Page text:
Response to an Irrelevant Blogger | Jackson Free Press | Jackson, MS

Response to an Irrelevant Blogger

This week, John Yargo writes in the JFP about The Ole Miss Rebels and their Irregular Season. You can follow him at The Irregular Season Blog. As you can see, this "prolific writer" has all of two (2) followers.

Irrelevant Blogger,

The misconceptions presented in this article are frankly astounding. You cunningly pass off half-truths and half-baked notions which are not only refutable by statistics and recent results, but also by common sense. Though I'm sure from the friendly confines of Orlando Fla. you've painstakingly researched a football team which hails from another time zone, I have trouble believing you crossed every 't' and dotted every....lower case 'j'.

In fact, I wonder if you wrote this article several weeks ago, and it's just now being featured in this paper. Taking this possibility into account, it's funny how irrelevant your article becomes after Ole Miss begins to once again succeed.

You begin this aberration by comparing the Egg Bowl to the Apple Cup.

Currently, The Washington Huskies are 3-5 and the Washington State Cougars are 1-6.

The Ole Miss Rebels are 5-2 and ranked #25 in the latest polls. Miss. State is coming off of a tough loss to the Florida Gators, the 2009 National Champions. Given a few bounces of the ball in State's favor, they could have pulled out a miracle.

Egg Bowl > Apple Cup. Always. There is no comparison. Perhaps the juxtaposition was your petty attempt at humor. Perhaps if the two Miss. schools had more dismal records, the statement would have been humorous. Instead, it appears you failed at hyperbole.

You then paint the Ole Miss Rebels as the biggest pre-season disappointment in all of college football. That may be true. However, it was people like yourself who planted the Rebels at the top of the polls, not the Rebels themselves.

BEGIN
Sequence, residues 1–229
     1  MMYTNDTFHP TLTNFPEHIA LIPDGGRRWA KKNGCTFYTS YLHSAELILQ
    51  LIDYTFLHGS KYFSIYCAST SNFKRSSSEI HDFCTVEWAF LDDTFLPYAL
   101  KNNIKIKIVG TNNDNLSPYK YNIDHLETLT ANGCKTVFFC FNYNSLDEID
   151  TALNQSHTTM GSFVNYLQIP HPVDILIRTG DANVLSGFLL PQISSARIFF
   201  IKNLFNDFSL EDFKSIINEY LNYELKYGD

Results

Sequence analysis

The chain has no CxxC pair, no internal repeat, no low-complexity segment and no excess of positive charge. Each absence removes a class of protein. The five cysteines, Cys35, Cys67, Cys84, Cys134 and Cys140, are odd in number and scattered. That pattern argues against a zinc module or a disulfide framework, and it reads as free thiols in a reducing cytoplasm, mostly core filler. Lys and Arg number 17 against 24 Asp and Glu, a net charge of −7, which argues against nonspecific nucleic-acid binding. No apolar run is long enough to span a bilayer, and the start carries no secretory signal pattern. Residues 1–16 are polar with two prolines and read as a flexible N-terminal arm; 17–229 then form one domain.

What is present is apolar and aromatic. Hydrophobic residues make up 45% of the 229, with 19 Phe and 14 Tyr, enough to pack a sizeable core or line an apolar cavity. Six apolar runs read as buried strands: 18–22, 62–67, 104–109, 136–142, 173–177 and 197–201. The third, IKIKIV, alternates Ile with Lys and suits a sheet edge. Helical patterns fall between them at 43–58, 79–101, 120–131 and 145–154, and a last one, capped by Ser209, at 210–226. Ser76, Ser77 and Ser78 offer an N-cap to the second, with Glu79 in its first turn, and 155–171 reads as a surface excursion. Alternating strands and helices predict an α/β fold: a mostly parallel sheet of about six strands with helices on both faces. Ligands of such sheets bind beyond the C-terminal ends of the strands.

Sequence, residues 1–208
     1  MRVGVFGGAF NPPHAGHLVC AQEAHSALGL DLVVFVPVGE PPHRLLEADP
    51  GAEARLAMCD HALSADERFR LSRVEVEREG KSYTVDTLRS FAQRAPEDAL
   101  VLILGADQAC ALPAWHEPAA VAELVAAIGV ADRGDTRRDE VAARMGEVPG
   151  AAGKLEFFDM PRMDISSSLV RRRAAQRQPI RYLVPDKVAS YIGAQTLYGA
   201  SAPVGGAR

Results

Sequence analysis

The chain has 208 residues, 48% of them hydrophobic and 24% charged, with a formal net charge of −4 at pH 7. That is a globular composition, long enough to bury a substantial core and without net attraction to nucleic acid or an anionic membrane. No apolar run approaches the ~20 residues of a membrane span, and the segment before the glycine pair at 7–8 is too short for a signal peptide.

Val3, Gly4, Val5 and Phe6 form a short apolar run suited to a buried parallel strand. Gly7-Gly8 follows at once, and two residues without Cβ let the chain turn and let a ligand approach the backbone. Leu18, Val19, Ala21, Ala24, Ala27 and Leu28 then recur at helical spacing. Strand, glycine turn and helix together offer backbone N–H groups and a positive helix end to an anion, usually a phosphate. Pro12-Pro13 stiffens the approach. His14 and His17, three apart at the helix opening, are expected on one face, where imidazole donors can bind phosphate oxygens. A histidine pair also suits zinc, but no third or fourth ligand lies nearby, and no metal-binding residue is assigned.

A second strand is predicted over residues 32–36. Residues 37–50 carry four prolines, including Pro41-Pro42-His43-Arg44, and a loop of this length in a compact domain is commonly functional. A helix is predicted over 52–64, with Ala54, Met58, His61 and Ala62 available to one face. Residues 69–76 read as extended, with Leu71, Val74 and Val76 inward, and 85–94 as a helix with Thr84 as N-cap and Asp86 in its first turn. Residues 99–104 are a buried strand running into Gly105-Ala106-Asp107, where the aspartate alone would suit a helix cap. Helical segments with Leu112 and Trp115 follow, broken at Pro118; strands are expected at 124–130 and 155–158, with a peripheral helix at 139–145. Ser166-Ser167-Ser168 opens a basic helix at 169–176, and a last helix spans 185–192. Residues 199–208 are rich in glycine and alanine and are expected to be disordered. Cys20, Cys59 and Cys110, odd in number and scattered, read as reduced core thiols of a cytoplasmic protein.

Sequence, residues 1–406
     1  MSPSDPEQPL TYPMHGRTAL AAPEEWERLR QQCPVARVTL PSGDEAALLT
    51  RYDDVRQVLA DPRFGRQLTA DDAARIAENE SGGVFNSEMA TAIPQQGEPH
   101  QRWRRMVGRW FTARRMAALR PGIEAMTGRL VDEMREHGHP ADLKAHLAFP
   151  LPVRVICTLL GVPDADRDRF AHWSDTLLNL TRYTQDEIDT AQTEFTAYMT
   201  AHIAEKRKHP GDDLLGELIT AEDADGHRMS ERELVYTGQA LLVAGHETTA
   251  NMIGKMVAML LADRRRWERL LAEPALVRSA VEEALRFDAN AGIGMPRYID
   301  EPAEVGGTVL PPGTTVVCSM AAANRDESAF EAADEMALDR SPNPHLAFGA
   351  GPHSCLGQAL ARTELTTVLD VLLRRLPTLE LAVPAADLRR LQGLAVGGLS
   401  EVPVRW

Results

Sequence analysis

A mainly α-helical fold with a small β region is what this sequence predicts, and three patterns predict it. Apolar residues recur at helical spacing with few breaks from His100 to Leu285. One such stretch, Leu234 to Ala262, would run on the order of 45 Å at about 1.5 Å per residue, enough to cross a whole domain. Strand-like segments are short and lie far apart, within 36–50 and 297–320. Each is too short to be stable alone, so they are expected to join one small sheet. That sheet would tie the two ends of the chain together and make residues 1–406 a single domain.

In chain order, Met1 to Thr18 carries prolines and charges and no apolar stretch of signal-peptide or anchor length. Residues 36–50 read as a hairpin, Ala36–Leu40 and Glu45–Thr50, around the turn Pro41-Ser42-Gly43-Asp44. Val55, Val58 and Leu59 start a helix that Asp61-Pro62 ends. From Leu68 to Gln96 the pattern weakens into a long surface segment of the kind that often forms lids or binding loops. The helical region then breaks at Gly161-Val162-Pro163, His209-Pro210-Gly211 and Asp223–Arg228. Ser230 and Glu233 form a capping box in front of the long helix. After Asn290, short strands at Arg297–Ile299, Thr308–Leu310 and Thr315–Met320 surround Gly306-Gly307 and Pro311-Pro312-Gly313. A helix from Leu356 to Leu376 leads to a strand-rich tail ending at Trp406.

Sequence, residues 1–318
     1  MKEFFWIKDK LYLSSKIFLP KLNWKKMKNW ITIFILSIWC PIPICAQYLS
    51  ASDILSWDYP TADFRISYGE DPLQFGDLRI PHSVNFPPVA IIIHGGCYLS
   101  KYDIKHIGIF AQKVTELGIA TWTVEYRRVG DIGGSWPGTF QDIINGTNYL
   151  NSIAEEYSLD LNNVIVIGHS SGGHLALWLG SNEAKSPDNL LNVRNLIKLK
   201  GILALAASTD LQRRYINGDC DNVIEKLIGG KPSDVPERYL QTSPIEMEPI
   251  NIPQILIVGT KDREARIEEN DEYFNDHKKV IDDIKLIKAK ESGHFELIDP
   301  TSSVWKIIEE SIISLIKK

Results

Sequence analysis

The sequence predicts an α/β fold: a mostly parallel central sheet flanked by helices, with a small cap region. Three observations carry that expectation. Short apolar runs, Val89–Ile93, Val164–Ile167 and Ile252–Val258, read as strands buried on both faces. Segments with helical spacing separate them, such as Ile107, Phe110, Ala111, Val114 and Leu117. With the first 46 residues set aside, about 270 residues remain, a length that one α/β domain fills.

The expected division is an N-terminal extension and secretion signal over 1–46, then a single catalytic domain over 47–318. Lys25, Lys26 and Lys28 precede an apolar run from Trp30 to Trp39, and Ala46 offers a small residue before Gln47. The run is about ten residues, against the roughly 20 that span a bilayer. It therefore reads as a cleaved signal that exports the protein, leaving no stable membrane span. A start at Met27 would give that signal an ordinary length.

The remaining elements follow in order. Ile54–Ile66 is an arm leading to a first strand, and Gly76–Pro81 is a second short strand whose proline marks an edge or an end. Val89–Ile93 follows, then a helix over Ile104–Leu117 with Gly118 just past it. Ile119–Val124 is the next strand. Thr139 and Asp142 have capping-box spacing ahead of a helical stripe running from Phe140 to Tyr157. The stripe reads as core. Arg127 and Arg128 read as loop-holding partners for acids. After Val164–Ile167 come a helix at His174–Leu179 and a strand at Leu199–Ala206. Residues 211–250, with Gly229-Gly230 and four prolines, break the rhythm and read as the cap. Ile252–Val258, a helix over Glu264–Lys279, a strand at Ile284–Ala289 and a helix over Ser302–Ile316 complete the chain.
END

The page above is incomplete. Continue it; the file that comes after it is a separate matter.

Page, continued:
Next, you decide to take potshots at Coach Houston Nutt. Very strange indeed. You label him as one of the worst front-runners in college football, citing his inability to develop quarterbacks.

First, you say he lacks leadership. Well, maybe while researching this article on wikipedia.org, you missed the part in Houston Nutt's personal entry where it lists his two (2) SEC Coach of the Year awards, the same amount of people who follow your blog, and also his National Coach of the Year award. Though I may be mistaken, I'm pretty sure it's not an easy task to accumulate three coaching awards while also possessing sub-par leadership skills. Talent can only get you so far.

Consider the three years prior to his arrival. At Ole Miss, Head Coach Ed Orgeron recruited some special talent, yet never won an in-conference contest. A year later, with virtually the same players, Nutt shows up in Oxford and leads the Rebels to a Cotton Bowl victory while also garnering a SEC Coach of the Year award.

This amazing turn-around mirrored his first year at Arkansas. In 1998, he was placed with a Razorbacks squad that was picked to finish last in the division. Instead, the 'backs finished 9-3. In his first six seasons at Arkansas, his teams went to a bowl game each year. Again, talent can only get you so far. Each year, USC and Florida succeed thanks to a mix of solid coaching and All-Galaxy recruits. But when you are coaching in the state of Arkansas, for heavens sakes, it takes some superb coaching.